The amount of sunlight reaching the surface of Pluto constantly changes over the entire orbital year of this dwarf planet due to eccentricity and obliquity of its orbit. This change leads to the variations of planetary surface heating. In theory, the additional amount of heat should transform the local frozen methane (CH4) and nitrogen (N2) into gaseous state. And, according to some hypotheses, such colossal release of gas should dramatically increase the atmospheric pressure during each orbital year of the planet, which lasts almost 248 Earth years.
This idea could seem completely logical at first, especially considering the fact that the amount of sunlight received by the dwarf planet changes almost three times, when comparing Pluto’s farthest and nearest orbital positions (the aphelion and perihelion).
So do such Pluto’s atmosphere collapses really take place? No, according to an international research team, which includes scientists from the USA, Brazil, Belgium, Spain, Chile and the UK. The scientists presented their research in a paper published at arXiv.org.
The team created a model of energy balance between Pluto’s surface layer and the surrounding atmosphere. The data required for this model has been obtained during Pluto’s occultation on May 4, 2013. According to the authors, this measurement method provides the most sensitive and precise data indicating seasonal changes in planet’s atmospheric pressure.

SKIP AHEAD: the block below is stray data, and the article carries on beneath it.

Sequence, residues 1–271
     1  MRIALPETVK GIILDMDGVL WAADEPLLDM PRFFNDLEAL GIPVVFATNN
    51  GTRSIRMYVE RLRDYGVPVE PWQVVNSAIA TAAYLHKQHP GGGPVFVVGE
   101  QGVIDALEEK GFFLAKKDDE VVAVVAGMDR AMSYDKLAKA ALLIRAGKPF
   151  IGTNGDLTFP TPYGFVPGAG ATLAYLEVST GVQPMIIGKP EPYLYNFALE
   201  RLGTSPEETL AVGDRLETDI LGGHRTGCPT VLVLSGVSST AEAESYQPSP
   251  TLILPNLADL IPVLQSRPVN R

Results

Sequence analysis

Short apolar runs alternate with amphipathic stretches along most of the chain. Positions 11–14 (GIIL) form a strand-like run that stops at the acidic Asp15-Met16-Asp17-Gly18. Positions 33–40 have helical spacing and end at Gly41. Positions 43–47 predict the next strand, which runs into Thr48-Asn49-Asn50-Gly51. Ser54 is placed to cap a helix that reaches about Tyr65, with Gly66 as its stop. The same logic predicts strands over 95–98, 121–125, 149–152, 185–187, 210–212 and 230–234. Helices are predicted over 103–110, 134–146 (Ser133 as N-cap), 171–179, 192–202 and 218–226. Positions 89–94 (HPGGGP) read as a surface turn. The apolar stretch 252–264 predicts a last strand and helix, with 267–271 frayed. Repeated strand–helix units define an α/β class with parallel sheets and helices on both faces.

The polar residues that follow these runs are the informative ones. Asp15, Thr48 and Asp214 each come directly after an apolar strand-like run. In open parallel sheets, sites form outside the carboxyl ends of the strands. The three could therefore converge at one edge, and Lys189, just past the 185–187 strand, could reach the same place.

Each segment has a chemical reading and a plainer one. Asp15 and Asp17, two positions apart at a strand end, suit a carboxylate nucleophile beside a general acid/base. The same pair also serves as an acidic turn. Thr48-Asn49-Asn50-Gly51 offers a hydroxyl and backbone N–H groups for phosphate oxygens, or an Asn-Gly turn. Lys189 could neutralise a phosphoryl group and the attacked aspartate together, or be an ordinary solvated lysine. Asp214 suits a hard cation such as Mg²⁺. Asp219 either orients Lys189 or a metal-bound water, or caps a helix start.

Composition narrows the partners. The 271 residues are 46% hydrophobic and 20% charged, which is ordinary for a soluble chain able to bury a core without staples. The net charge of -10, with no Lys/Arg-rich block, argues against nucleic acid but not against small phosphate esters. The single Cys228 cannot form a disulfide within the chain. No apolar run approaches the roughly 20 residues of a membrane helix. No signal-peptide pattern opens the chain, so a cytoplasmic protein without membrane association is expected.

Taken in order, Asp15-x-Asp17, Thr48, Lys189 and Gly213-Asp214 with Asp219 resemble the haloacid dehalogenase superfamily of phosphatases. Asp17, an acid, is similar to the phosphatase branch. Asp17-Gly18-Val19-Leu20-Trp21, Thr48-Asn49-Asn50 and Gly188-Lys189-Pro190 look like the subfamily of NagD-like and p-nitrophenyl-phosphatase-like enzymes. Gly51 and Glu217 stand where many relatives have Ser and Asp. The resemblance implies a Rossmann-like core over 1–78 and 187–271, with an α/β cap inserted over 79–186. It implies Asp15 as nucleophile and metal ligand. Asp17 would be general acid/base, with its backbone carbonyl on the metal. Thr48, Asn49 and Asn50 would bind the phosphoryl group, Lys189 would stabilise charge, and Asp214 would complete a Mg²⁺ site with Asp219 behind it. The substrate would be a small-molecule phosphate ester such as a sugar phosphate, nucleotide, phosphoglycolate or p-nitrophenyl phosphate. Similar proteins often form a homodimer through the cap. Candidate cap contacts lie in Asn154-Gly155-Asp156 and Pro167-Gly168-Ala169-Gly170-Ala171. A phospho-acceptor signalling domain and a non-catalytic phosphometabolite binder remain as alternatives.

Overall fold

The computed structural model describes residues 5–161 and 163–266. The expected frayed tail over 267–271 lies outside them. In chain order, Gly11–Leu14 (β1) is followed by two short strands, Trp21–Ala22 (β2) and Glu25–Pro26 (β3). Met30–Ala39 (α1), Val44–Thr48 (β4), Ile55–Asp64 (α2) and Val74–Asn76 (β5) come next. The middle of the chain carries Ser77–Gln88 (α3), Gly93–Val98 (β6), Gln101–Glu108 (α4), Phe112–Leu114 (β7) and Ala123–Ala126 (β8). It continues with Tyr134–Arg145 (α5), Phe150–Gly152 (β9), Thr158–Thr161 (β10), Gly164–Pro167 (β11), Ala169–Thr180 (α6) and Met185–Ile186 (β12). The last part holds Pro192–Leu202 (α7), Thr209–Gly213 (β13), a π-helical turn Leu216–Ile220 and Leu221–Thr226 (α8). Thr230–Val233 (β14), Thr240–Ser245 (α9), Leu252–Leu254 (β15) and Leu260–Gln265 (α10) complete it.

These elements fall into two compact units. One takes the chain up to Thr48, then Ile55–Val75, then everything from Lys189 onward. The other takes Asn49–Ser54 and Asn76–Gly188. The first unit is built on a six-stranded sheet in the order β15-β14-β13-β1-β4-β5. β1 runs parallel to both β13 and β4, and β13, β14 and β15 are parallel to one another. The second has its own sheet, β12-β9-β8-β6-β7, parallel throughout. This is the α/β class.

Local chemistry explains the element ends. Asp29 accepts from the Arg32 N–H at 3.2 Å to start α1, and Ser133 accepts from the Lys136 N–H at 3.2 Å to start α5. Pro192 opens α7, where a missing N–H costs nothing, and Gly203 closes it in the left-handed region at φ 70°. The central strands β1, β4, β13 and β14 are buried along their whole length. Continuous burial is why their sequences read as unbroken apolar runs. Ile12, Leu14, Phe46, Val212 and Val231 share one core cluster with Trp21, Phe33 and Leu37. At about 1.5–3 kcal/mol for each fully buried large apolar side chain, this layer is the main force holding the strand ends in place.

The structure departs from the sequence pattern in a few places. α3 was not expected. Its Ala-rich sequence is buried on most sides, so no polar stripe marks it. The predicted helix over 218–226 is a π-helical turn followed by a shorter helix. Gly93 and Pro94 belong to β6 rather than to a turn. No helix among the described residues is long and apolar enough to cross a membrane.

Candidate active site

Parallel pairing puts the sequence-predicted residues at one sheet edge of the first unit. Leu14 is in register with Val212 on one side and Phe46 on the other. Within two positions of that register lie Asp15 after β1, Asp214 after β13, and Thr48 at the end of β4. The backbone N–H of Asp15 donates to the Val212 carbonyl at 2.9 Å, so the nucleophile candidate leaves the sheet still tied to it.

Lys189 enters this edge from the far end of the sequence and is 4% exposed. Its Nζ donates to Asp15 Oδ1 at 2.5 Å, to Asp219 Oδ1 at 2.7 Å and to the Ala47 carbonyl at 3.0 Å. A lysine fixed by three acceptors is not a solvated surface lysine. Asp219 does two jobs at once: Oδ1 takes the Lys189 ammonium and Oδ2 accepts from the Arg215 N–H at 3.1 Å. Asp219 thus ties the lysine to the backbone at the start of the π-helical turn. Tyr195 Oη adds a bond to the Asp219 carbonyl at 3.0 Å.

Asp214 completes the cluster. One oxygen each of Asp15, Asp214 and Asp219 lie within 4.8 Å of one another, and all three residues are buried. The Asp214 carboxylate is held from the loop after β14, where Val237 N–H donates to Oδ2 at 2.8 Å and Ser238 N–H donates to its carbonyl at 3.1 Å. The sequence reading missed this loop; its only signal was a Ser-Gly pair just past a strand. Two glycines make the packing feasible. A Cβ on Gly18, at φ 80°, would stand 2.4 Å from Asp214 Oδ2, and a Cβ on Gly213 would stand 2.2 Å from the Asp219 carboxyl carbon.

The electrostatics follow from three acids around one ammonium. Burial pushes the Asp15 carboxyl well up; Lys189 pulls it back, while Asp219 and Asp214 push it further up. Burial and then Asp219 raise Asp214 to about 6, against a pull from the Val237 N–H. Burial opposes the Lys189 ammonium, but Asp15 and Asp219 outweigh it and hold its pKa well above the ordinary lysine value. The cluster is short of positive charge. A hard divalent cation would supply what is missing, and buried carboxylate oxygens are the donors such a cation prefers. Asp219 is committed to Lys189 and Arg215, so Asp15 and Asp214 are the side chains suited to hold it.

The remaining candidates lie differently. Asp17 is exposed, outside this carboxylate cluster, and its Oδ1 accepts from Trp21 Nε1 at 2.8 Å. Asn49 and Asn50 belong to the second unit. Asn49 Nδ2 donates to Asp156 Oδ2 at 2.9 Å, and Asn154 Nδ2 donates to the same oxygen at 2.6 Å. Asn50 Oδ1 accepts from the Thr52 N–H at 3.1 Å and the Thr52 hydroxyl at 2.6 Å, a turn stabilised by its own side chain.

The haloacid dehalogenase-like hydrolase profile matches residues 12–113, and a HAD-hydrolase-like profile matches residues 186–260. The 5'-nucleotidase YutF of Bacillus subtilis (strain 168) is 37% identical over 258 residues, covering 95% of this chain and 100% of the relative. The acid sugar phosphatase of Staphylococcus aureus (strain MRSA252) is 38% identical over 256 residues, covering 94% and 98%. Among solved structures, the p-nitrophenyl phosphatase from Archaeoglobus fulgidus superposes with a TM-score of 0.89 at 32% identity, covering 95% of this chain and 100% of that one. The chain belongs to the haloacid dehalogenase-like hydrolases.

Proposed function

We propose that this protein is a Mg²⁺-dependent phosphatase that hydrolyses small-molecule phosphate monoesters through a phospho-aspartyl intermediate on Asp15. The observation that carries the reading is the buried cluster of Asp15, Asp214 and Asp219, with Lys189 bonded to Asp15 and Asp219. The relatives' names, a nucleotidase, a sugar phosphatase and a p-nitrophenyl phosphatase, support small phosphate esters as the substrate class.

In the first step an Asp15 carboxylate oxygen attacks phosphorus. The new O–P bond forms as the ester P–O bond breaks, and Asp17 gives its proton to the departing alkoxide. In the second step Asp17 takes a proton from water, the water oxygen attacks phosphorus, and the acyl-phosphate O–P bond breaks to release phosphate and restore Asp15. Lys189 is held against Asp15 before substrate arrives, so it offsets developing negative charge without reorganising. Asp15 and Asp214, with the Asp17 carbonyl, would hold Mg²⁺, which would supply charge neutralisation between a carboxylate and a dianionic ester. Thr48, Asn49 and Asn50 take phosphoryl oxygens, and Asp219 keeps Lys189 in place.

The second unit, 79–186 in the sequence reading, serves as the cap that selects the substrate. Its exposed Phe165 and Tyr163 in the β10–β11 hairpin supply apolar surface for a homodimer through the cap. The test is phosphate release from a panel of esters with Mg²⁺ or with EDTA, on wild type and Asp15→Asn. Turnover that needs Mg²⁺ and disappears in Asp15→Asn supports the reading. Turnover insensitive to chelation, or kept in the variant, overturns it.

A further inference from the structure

The measurements were performed simultaneously at five observatories in the South America: Cerro Burek (Argentina), LCOGT at Cerro Tololo (Chile), Pico dos Dias (Brazil), La Silla Observatory (Chile) and San Pedro de Atacama (Chile). Then a geometrical calculation of the occultation light curve was performed to determine a precise location of the Sun relative to Pluto. Finally, the scientists used the Pluto’s atmosphere model developed by another team of researchers back in 1992 during another occultation and applied the obtained light curve measurement data to it.
Results of the analysis were compared with similar observations from 1988 and 2010. Contrarily to the previous calculations, scientists were able to prove that hypothesis related to the periodic collapses of Pluto’s atmosphere wasn’t true, since only relatively slight pressure variations were determined over the course of several consecutive observations.
The authors suggest that the high thermal inertia of the planetary surface substrate may be the reason for the absence of larger atmospheric changes. The heat accumulated at the sunlit side of the dwarf planet is exchanged with it’s colder dark hemisphere via gaseous ice sublimation and condensation mechanisms; this balance keeps the surface ice at the similar temperature over the course of the orbital year.
Also, this model provides more arguments for the similarity between Pluto and Triton: these bodies are similar in size, density and surface composition, and now it appears that they share similar surface material thermal inertia properties.
The team notes, that their research could be tested additionally in the future, as, according to the current models, Pluto’s surface pressure should reach the maximum somewhere between 2020 and 2040.
By Alius Noreika, source: Technology.org